Document Type


Award Date

Fall 2008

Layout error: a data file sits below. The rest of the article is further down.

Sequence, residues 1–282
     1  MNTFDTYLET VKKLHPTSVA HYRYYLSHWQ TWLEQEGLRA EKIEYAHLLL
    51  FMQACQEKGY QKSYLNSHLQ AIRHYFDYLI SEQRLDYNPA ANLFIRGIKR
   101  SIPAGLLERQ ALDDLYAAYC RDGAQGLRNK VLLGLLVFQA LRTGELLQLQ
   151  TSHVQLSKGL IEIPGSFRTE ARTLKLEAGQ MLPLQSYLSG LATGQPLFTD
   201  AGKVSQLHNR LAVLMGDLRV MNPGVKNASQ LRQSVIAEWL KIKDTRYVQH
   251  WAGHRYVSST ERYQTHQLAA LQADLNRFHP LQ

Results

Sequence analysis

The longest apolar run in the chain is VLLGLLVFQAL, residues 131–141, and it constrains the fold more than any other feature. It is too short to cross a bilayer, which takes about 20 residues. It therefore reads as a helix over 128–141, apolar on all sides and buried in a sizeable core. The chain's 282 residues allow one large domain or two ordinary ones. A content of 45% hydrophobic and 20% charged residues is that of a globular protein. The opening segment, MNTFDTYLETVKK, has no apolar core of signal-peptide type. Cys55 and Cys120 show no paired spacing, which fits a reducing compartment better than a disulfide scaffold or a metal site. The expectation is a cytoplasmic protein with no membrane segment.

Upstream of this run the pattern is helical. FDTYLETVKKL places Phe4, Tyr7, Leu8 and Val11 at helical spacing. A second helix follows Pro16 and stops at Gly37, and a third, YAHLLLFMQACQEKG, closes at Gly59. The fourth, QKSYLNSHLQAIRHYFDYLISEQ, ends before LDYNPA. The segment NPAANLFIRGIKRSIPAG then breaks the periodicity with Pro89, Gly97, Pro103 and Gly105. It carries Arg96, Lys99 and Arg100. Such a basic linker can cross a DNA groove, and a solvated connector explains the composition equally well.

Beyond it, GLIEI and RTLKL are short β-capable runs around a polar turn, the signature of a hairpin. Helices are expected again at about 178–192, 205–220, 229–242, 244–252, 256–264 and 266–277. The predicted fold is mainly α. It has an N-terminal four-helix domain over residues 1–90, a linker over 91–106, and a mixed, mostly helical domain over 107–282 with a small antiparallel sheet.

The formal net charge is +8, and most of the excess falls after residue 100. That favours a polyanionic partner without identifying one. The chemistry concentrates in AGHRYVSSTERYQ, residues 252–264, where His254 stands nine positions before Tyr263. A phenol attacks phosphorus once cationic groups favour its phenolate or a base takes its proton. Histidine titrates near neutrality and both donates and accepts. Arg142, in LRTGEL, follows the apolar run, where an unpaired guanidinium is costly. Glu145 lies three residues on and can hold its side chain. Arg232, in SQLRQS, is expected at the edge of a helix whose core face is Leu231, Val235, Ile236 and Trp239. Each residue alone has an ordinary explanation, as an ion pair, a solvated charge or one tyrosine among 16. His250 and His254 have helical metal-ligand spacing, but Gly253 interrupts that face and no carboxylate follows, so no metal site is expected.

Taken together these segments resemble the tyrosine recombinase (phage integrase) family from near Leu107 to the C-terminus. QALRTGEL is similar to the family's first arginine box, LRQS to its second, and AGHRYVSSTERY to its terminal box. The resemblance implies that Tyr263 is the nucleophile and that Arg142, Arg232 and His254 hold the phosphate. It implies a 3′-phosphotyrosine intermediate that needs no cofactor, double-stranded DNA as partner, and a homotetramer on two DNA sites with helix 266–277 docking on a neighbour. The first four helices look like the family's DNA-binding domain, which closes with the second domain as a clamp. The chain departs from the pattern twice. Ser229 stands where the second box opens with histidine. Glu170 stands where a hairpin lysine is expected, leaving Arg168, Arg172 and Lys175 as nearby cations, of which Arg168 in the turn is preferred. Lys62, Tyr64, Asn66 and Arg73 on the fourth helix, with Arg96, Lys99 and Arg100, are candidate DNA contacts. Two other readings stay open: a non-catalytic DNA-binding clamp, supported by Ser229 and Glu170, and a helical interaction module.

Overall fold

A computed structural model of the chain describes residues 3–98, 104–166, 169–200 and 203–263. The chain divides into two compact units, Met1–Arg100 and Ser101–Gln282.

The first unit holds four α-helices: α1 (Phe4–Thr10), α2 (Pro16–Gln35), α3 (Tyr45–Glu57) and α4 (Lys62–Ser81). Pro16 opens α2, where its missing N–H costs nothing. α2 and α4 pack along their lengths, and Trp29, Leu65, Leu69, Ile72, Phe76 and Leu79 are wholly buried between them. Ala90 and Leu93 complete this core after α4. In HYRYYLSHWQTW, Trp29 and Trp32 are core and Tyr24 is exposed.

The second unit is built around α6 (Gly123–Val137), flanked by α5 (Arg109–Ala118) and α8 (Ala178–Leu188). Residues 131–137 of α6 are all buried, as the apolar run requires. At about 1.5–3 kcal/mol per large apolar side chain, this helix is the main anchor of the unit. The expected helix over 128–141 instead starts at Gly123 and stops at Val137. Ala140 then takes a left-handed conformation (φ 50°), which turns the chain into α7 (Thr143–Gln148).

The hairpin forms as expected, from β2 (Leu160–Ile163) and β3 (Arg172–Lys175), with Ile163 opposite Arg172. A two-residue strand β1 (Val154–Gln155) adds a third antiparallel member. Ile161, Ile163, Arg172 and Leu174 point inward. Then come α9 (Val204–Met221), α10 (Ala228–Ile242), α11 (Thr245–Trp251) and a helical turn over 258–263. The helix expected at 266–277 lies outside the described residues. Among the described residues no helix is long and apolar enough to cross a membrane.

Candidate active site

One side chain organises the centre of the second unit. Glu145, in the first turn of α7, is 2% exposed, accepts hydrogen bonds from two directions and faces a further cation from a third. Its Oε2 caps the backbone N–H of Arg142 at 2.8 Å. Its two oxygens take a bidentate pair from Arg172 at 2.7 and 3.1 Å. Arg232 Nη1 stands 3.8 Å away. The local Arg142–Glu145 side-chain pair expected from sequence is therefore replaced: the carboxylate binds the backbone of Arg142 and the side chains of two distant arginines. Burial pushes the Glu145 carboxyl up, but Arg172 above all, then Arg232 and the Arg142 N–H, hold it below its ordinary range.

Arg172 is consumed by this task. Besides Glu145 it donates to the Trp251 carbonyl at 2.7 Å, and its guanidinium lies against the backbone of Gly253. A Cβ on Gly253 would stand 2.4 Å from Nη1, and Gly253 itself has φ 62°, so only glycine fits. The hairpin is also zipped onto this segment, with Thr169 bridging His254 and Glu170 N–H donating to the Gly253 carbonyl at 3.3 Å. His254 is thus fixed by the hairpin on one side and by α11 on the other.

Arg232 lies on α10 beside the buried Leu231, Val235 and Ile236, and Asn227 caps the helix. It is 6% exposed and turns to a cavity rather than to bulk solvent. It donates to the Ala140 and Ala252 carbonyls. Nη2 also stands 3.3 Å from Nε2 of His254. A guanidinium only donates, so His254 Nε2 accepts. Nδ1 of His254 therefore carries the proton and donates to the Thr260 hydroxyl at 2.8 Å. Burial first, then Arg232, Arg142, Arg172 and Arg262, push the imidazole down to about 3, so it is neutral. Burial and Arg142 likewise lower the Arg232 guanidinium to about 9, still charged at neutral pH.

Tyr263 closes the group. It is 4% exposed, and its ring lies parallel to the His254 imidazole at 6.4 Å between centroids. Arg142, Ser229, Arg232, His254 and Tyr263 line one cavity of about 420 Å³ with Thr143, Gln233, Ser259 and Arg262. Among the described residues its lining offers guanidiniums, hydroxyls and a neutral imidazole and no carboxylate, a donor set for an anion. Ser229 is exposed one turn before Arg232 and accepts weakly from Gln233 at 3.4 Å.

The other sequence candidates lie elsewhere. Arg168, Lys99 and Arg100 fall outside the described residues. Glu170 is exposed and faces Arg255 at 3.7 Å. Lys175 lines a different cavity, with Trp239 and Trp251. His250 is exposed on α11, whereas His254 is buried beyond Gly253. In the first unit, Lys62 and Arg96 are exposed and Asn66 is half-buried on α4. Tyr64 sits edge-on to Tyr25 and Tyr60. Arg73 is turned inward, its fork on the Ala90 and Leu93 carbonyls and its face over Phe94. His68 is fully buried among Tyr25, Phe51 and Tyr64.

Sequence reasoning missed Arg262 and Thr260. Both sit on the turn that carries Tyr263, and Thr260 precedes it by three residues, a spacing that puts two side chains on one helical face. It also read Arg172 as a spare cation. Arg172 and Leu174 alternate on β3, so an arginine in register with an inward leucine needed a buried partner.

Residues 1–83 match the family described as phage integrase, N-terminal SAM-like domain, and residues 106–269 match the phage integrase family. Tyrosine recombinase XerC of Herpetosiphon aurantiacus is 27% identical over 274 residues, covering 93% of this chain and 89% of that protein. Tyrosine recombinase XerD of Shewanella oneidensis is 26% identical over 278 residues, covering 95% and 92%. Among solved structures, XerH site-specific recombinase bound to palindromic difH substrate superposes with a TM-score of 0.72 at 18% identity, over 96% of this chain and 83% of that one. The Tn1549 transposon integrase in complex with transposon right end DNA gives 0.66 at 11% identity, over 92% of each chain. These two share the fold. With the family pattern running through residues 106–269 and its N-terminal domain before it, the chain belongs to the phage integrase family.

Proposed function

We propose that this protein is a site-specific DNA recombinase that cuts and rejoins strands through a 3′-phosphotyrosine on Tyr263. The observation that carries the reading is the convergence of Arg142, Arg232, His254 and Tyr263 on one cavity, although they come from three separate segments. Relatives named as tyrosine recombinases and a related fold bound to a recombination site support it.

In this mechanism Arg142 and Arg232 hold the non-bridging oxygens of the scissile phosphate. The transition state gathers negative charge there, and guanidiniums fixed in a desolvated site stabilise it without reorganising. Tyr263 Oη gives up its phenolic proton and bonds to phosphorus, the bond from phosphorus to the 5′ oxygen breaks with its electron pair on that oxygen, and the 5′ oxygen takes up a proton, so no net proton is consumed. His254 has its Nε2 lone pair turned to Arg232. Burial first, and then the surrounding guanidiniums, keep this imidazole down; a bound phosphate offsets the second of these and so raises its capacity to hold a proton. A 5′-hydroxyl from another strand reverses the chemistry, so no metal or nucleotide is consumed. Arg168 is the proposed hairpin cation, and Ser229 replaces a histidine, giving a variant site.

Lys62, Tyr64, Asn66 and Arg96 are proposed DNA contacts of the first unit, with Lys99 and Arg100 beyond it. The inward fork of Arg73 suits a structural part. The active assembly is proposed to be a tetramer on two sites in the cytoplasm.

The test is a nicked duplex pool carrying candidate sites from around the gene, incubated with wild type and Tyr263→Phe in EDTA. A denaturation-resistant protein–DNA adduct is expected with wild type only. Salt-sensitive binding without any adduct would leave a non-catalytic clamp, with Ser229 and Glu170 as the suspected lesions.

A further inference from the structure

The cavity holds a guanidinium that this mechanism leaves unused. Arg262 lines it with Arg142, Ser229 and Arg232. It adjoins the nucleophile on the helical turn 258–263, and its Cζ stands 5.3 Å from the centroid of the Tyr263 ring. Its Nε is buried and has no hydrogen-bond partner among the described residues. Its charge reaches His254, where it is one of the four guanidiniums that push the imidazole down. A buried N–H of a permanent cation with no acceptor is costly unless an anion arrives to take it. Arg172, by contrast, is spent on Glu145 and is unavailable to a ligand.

In the ancient tragedy Antigone, the Greek dramatist Sophocles presents a primary conflict that features a desperate struggle for dominance and challenges the blind justification of authoritative power. Although the tragedy bears the name of its doomed heroine as its title, I argue that it is the character of Creon who provides the audience with a cathartic release through the development of his humanity in the course of the play. He is the figure most akin to the classical Aristotelian definition of the traditional tragic hero. Creon is more emotionally developed and the breadth of his humanity is greatly accessible as he is flawed and, as such, true to life. The complexities that transcend the main conflict within the play are numerous and striking, but the conflict, specifically that between father and son, underpins the dramatic conflict between the dominant and the subjugated. My presentation will argue how in Sophocles’ Antigone, the opposition of Creon and Haemon mirrors the modern dynamics of father-son relationships, rendering the play eternally relevant and accessible to audiences of the present day.